Heritage

The historic town of Cripple Creek, Colorado sits on the southwest slopes of majestic Pikes Peak in the beautiful Colorado Rockies. More than 100 years ago, this charming community attracted tens of thousands of gold-seekers to its hillsides in search of their fortunes. The Gold Rush is part of Cripple Creek’s colorful history, and today, visitors can choose from a variety of heritage-rich experiences such as descending 1,000 feet underground on a gold mine tour or by visiting one of Cripple Creek’s museums.

Photo courtesy of the Colorado Historical Society

Cripple Creek’s history extends back to the days of old, when mountain men explored the area and Native Americans lived off the land. The area would see many changes as the Gold Rush put Cripple Creek on the map. Soon, major transportation systems and railroads were developed and the gold camp grew. While World Wars and Labor Wars have aided in the decline in the number of mines currently in operation in Cripple Creek, visitors can visit the Cripple Creek & Victor Gold mine, which is still in operation today. In recent history, gaming was introduced into Cripple Creek in 1991 and it has become one of the major industries of Cripple Creek.

Cripple Creek is rich in heritage, and our colorful history is fascinating. We encourage visitors to stay and play in Cripple Creek. Discover Cripple Creek’s past, and leave here rich – rich from your experience, and maybe a little more!

  • Long before gold was discovered deep in the rock of Pikes Peak, American Indians lived off the land in the mountain's shadow.  The earliest inhabitants were the Utes, a people whose tribal elders say didn't migrate here, but instead lived for generations in the mountains, foothills, and high plains.  The name "Ute" means "land of the sun."

  • In the early 1800s, Colorado was an unknown expanse of wilderness.  Adventuresome beaver trappers and explorers explored its valleys and forests, established forts, encountered American Indians, and drew the first rough maps.  It was not gold that originally brought the first visitors from the East coast to the Rocky Mountains in the early 1800s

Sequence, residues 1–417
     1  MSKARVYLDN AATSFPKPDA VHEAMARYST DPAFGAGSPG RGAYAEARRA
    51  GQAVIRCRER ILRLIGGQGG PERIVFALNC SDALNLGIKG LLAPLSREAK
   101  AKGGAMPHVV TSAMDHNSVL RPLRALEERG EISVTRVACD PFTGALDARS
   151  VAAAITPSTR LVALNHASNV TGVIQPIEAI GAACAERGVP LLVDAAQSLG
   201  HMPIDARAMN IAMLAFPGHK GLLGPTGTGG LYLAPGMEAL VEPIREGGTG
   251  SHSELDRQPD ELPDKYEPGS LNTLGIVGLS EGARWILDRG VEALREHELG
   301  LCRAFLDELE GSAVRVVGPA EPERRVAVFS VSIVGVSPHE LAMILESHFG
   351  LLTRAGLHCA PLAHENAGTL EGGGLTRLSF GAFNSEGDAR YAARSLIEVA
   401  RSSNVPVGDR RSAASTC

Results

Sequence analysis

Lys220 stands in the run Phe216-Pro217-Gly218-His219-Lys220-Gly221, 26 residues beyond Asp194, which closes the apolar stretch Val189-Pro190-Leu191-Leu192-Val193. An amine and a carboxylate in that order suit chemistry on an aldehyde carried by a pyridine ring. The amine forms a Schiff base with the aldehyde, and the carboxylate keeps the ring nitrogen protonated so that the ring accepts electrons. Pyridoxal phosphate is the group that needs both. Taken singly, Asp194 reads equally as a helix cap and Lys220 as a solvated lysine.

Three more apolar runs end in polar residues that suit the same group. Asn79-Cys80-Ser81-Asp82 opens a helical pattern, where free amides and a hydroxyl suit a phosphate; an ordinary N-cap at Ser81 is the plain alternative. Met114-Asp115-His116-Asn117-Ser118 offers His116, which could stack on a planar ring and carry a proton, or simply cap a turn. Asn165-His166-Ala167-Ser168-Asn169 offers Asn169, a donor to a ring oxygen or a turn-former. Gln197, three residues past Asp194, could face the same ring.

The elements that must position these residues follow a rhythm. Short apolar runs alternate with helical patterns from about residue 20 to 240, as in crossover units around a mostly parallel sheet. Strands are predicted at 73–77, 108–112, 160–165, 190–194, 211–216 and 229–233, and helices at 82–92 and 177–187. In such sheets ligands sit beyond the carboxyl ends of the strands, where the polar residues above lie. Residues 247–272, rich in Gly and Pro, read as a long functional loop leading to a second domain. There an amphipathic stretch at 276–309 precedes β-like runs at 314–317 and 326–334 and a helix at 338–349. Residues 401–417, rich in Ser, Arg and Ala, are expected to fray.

• Many miners in the Cripple Creek district had been farmers back east, and didn't even know what they were looking for in their quest for gold.  They didn't know how to pitch a tent or build a fire.  But they had caught gold fever.  In the 1840s, gold-seekers crowded the trails across the Great Plains on their way to California, where gold had be

  • From 1890 to 1910, more than 22,400,000 ounces of gold were extracted from 500 mines in the Cripple Creek Mining District, which included Cripple Creek and the neighboring town of Victor.

  • At its peak, the gold camp was served by three railroads and two electric trolley systems.  The narrow-gauge Florence and Cripple Creek Railroad came up from Florence through Phantom Canyon, climbing 5,000 feet in 40 miles.  Called "The Gold Belt Line," this train ran three times a day until 1912, when its roadbed was washed out by a flood.

  • The Pikes Peak Region is rich with history, and several historical societies have formed to preserve the area's history and heritage for future generations.  These historical societies are often seen participating in events throughout the state, and are often found providing ambiance and information on the streets while in period clothing.  Some

  • Beautiful cemeteries and stunning memorials can be found in the Gold Camp Region.  Some cemeteries offer maps for self-guided tours, providing information on the history of the property, as well as the stories of some of the people buried or memorialized there.  Located among stunning scenery and peaceful environments, you are invited to visit o